The capital, says the company, will be used to accelerate software and hardware integrations for customer deployments, to continue hiring world-class talent, and to deploy a constellation of 150 satellites over the next 18 months.
"We set out to solve the decades-old problem of expensive connectivity that is not universally accessible: billions of people around the world still lack basic Internet access," says co-founder and CEO Sara Spangelo. "With 75 billion connected devices coming online around the world over the next six years, viable and affordable network access will be essential. For this reason, our technology has caught the attention of dozens of companies - from early-stage startups to Fortune 100 enterprises - with whom we have completed successful pilot tests in agriculture, maritime, ground transportation, and text messaging services."
The company says it has developed the world's smallest two-way communications satellites to enable low-cost, space-based, IoT connectivity anywhere in the world, with applications in agriculture, maritime, energy, and ground transportation industries, as well as for global aid organizations. Sample applications listed by the company include the following:
- Diagnostics and emergency messages from connected vehicles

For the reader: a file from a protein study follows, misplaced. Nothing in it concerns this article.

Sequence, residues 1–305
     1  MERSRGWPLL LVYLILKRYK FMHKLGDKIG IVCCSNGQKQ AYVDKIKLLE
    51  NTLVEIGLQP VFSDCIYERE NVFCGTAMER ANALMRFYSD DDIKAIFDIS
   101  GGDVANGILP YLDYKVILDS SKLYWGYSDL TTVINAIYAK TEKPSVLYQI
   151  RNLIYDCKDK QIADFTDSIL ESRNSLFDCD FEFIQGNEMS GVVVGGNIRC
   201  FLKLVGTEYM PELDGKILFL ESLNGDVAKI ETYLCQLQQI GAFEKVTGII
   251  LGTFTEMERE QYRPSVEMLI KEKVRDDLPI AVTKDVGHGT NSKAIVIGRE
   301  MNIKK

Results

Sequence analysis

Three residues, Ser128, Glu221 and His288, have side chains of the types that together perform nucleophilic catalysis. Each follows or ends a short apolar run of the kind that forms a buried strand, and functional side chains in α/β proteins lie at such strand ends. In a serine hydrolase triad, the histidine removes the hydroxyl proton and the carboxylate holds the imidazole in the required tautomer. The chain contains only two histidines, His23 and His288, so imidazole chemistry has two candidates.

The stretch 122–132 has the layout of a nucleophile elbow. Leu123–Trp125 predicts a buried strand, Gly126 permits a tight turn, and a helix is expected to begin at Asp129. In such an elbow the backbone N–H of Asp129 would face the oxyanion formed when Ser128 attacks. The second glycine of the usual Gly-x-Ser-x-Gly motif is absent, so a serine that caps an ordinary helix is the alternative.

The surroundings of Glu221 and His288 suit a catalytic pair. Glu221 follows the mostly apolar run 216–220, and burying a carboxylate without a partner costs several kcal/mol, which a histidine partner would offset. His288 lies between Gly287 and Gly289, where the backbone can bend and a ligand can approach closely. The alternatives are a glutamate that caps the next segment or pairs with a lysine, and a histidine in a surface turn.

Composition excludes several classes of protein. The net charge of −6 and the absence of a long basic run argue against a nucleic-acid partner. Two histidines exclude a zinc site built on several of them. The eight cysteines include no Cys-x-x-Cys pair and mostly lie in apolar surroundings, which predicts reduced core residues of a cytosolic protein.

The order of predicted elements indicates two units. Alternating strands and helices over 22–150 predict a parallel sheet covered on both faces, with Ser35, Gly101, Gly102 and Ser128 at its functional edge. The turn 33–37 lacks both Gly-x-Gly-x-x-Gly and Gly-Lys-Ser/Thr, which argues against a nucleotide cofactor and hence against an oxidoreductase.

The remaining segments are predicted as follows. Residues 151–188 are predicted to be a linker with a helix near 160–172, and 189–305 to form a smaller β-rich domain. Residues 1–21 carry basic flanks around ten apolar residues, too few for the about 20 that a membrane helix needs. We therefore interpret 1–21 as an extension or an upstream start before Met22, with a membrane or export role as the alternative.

- Agriculture sensors in farmlands outside of cellular range
- Shipping containers and asset tracking across oceans
- Water monitoring devices in remote African communities
- Smart meter reporting in remote locations
- Connecting people through text messaging in rural and remote areas
"Swarm is turning the satellite industry on its head," says Sky Dayton, founder of EarthLink and Boingo, and one of the investors who led the funding round. "Others continue to focus on high-bandwidth networks that are very expensive, power-hungry, difficult to integrate, and will take years and billions of dollars to bring online. Swarm has developed something entirely new: a low-bandwidth, latency-tolerant network that is extremely inexpensive, low power and very easy to integrate for things that need to be connected anywhere in the world - and Swarm is doing it in a tenth the time of